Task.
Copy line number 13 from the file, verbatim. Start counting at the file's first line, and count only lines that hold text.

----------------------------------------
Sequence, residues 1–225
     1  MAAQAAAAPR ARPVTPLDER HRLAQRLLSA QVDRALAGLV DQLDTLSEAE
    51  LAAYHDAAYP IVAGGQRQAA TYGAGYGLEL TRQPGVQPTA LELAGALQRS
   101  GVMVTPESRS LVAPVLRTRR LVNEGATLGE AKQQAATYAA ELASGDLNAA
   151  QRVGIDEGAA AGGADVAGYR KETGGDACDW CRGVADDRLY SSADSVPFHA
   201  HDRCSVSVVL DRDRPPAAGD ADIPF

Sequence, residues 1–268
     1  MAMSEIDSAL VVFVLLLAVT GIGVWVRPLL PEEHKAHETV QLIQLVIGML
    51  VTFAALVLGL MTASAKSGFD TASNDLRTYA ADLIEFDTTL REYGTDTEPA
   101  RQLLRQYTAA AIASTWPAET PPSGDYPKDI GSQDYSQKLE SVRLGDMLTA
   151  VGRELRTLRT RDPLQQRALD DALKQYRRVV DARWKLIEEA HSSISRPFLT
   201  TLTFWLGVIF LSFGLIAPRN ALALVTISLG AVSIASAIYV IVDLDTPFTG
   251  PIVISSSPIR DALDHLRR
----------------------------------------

   251  PIVISSSPIR DALDHLRR